Moon Reign’s Life Lessons Part 6 – Unidon

“Rule number one.” … “Fail fast, think faster.” … “Learn when to be aggressive. And when to be patient.”

– Unidon

Excerpt taken from M. Wednesday’s unnamed WIP “Moon Reign – Book 2” chapter 3

We’re getting closer to wrapping up this series, but I couldn’t end this without featuring the lesson from my favorite character. Yes, he’s the antagonist. Yes, he’s a charming bad-boy. Yes, I know his hands are stained with murder, but there is still the trait of confidence that can be salvaged from his corrupted reputation. 

Okay, so, y’all are probably thinking that because I’m writing about my favorite cast member from my book that this post was easy. Ha, nope! Unidon is that character that makes me squirm with unease. He makes me doubt my writing ability and my ability to write him as a person. He makes me nervous, and laugh, makes laugh with nerves. Crushing much? Maybe. Wait… that’s not normal? What do you mean it’s not normal to love on a fictional character? Ugh, curse this realistic dimension! 

Actually, no. Unidon can stay in the fictional realm because, honestly, he’d probably scare me with guessing which side of him I’d be getting on a daily basis. 

So I can’t release too much information about him, because I want you to find out all those little things for yourself. I will tell you that he’s talented, extremely cocky, and can outsmart any of my other characters. Why? Because he’s been taught to climb a social ladder to get exactly what he wants. And what he wants, is a unicorn’s star magic. And in “A Fallen Star”, a reader will see that he’ll go – and has gone – to extreme distances to reach his goal. Even as far as blackmailing Hardinggate’s Princess. Even as far as  shedding innocent blood. 

But maybe I’m getting ahead of myself on this. Maybe you do need a touch of his background. 

When I say trained, I literally mean trained.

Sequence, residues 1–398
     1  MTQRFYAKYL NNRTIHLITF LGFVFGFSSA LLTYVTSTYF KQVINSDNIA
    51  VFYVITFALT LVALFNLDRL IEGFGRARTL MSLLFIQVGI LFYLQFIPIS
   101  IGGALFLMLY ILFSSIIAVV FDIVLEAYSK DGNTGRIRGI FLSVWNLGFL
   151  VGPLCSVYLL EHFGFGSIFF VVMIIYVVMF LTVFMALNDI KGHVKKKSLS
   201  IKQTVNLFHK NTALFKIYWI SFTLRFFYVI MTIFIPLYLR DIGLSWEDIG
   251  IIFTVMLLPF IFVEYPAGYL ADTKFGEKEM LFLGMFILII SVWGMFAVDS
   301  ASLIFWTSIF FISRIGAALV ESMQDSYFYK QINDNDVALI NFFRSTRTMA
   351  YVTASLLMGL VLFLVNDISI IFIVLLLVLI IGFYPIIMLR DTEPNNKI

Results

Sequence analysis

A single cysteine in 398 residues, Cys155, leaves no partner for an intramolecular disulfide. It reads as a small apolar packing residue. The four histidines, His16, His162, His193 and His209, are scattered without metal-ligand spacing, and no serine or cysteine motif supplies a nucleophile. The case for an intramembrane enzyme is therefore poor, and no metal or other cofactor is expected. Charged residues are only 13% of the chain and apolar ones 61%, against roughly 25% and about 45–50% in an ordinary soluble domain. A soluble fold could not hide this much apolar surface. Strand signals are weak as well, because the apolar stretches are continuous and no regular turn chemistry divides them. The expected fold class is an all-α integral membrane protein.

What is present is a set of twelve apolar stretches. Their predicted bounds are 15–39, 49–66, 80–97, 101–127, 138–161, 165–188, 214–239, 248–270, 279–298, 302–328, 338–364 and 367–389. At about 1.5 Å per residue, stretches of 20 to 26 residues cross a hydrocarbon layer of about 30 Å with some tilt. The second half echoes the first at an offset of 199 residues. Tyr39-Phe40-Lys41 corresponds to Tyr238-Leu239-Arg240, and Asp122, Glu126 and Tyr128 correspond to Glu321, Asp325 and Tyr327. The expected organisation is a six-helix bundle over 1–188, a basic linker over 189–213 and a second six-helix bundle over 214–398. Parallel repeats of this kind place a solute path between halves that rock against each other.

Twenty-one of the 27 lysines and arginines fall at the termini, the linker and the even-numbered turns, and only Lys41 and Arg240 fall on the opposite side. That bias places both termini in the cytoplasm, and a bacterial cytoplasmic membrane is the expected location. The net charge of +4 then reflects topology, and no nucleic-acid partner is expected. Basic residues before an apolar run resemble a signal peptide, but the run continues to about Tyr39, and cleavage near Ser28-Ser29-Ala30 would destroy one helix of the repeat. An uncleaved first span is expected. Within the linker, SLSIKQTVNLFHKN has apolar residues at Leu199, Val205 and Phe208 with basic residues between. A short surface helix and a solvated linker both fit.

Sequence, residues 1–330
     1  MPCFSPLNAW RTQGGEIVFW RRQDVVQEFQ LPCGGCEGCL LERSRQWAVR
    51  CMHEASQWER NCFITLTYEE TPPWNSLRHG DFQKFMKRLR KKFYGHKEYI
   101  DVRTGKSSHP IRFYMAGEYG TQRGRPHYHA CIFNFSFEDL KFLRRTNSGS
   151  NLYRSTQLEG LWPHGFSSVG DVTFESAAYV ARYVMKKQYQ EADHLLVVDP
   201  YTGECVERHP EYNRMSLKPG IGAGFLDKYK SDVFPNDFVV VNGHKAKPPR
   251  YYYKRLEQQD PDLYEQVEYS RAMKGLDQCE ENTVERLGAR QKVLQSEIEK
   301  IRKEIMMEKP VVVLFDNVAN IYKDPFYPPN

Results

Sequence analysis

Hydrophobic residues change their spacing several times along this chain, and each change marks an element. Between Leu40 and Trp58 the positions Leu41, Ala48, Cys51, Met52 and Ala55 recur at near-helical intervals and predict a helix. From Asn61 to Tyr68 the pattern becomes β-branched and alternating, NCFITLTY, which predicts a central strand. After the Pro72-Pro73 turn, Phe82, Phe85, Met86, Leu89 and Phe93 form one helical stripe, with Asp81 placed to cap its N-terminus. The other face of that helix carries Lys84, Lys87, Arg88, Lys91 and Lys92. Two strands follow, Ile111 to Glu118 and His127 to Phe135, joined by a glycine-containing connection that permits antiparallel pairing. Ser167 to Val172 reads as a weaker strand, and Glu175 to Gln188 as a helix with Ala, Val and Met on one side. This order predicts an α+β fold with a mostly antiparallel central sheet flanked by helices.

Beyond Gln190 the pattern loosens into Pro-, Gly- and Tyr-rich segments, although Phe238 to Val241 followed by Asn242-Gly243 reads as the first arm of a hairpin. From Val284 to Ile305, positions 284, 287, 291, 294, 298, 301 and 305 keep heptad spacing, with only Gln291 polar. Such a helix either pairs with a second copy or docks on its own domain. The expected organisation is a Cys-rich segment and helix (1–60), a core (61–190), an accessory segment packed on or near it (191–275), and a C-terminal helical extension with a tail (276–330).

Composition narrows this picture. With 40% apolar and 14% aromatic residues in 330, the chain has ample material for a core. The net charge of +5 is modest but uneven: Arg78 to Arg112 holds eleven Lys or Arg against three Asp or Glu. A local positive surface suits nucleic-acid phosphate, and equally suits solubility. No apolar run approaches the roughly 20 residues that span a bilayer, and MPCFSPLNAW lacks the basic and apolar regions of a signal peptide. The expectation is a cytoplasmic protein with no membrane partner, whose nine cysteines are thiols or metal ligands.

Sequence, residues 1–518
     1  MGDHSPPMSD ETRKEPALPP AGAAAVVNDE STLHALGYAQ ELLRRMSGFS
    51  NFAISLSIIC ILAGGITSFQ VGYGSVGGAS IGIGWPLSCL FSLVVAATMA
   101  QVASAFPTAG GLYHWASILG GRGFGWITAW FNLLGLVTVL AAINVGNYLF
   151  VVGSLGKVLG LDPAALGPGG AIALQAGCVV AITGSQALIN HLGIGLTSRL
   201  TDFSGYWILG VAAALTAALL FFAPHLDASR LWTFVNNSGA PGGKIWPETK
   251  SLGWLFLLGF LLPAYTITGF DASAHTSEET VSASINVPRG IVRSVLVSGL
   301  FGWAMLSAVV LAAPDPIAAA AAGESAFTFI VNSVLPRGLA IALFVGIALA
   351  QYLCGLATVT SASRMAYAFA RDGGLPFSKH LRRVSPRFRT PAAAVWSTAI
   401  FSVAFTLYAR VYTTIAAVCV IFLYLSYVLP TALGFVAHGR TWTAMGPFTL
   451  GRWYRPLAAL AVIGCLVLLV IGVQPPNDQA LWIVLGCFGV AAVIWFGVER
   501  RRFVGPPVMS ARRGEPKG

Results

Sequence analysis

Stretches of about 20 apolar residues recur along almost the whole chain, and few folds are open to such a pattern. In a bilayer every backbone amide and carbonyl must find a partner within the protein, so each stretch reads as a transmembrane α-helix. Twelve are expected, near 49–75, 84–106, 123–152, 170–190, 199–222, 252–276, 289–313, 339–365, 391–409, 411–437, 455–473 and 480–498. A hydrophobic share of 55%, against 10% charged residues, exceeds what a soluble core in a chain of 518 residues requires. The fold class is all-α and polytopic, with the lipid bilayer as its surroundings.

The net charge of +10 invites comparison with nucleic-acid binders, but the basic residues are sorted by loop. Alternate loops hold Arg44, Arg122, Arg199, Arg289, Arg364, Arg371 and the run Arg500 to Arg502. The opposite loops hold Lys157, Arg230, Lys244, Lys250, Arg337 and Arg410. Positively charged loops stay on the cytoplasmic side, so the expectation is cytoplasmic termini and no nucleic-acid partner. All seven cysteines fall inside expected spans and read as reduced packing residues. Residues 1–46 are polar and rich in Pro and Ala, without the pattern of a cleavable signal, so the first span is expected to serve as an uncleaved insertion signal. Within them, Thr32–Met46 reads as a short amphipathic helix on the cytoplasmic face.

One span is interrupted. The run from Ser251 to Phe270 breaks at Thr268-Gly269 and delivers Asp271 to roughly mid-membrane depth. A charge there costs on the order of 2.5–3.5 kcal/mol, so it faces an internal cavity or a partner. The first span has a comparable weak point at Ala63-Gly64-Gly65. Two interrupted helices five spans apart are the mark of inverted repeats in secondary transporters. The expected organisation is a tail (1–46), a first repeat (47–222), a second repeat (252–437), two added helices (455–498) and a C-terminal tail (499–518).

He’d done this. Repeatedly. Sin had been desensitized years back with every identity he’d reenacted. With every soul he’d been summoned to kill. He’d pose as whoever he needed to be. Do whatever he was instructed to do. Whether quick and painless, or slow and seductive, assignment never went uncompensated. Assignment always lined his pockets. (…) Five years of this, and he wondered why his demons still clawed their way back to life.

“Moon Reign – A Fallen Star” chapter 51

Assassins need to be trained, and he’s got a whole little mental logbook of rules that he abides by.  Rules that have shaped this natural talent he possesses, rules that have carved his ego, that have blessed him with a confidence because he is flawless at what he does. Yeah, my antagonist is a complicated mess. But he walks with the confidence of a general and the brains of a King.  

And maybe this wasn’t his choice. Maybe this wasn’t what he wanted for his life. Maybe he struggles with regret. But even with hiding mental conflict, his confidence as a person– employment aside – is stable. He’s naturally ambitious, naturally determined, born with a driving aggression to not stop until he has what he’s been fighting for.  

You know, writing a self-confident character, who is also funny, flirty, witty, and just brilliant, was a challenge. I feel as if I’m none of those things. I can make people laugh, but it’s usually because I said something really dumb like, “It’s not a breakfast sandwich if it’s on a bagel.” (Yeah, guilty. But it was 5:15 am, gimme a break) And I mean, the last time I tried to be flirty in bed, I fell offthe bed. So…  So stepping out of my comfort zone of who  I am typically as a person to get Unidon’s character perfect was… I felt like I was learning something.